Instruction & Curriculum

Life Lessons from Mister Rogers and Mrs. Hughes

I can remember it clearly. I was sitting on the floor next to my sisters and watching a small box television mounted on top of a T.V. tray that was not built to hold a T.V. We sat on the floor as we heard that familiar sound of a child’s piano playing. We would get a safe feeling when we watched the camera pan over a little town of make-believe houses on a small street and the little red trolly rolling past. It was a beautiful and welcome sound for three little girls who had so much trauma in the home.
Life was hard for my family. Like so many children in the world today, we had an abusive parent. For us, it was our father. He was mean, he was scary, and he was an alcoholic. We hardly heard kind things from him.
Children with trauma need Mister Rogers.
It was a rare, beautiful moment when we could sit in front of our small television and listen to Mister Rogers tell us that we were loved, important, and special just the way we were. I would sit and fill up on those words, and I would process big feelings in that short program. It was my therapy. I credit much of my survival to Mister Rogers.
Mister Rogers spoke to me, and all the other children tuning in that were suffering from horrendous abuse at home. He told us that we were valid and that our feelings about our experiences we mentionable and manageable.
In one interview, Mister Rogers said, “I guess I am an emotional archeologist.” He says he was always looking for the roots of behavior. He had a knack for explaining feelings and understanding childhood feelings.
Trauma and the Classroom Teacher 
The only other place I got that feeling of being safe and valued was in my school. It was my safe place, my sanctuary. I was able to walk into my classroom and see my second-grade teacher, Mrs. Hughes, and I knew I was loved. When I was hungry, she would often buy my lunch. When I was sad, she would sit on a bench with me at recess and talk to me about my feelings. Mrs. Hughes cared, and I knew it. I have carried that feeling to my adulthood.
Lessons from Mister Rogers and Mrs. Hughes
I am now in my classroom, and I have taken some of my teaching methods from Mrs. Hughes and Mister Rogers’s lessons. I have applied them to my teaching methods. Mister Rogers taught me that my big feelings mattered when I was small. He taught me that feelings are mentionable and manageable.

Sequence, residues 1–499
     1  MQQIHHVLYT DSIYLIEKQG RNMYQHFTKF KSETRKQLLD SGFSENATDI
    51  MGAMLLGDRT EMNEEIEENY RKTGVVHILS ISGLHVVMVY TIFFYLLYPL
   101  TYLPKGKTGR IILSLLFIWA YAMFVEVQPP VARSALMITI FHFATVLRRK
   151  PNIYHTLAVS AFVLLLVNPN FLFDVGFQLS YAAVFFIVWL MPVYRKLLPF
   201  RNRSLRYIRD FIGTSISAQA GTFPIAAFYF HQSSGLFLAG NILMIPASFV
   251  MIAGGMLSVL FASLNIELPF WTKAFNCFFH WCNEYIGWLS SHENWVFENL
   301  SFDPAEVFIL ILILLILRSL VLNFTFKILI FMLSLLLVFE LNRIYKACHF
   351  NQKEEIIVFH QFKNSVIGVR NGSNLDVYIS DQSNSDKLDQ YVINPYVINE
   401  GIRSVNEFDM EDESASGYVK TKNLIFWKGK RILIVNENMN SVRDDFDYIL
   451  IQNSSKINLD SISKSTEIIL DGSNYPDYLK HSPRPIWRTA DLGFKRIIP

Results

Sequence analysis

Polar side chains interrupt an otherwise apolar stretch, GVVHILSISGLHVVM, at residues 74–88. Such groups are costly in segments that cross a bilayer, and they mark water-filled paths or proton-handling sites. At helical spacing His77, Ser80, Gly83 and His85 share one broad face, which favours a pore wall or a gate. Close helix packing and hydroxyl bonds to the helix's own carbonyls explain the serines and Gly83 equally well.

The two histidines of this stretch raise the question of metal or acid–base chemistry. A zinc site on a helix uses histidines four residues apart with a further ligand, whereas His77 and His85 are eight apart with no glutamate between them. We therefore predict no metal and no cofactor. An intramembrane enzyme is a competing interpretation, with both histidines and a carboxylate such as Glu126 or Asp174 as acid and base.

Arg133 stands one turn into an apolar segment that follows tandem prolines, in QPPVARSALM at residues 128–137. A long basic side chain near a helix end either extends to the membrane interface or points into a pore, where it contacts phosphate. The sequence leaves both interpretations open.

Mrs. Hughes taught me that I was important and my needs were critical, too. I understood what it meant to be loved and feel safe. I knew in second grade that I wanted to be a teacher. I wanted to impact the lives of children in the same way Mrs. Hughes did for me.
Children Need You, Mister Rogers and Mrs. Hughes
For over a year, much of the world has been impacted by COVID 19. Trauma has become part of every child’s daily life. So many children are not able to go to the classroom. This is especially hard for children who have home lives like the one I had growing up. These children look forward to going to school where they feel safe.
I know that children can tune in to old Mister Rogers Neighborhood programs and feel some of what I thought as a child. I believe children Mister Rogers now more than ever before. We need him to help us process how we feel about what is happening. We need him to validate our fears. We need Mister Rogers to speak softly to our fears and calm us.
Children need Mrs. Hughes, too. They need to have that teacher who loves and cares about them. Children need someone to greet them each morning with a smile. Children need someone happy to see them when they enter the classroom. Children need to feel welcome.
I am so thankful for Mister Rogers and Mrs. Hughes. I wish that we can all return safely to the classroom so that children can feel safe, loved, and validated the way I did when I was in class with Mrs. Hughes or when I watched Mister Rogers on my television set.

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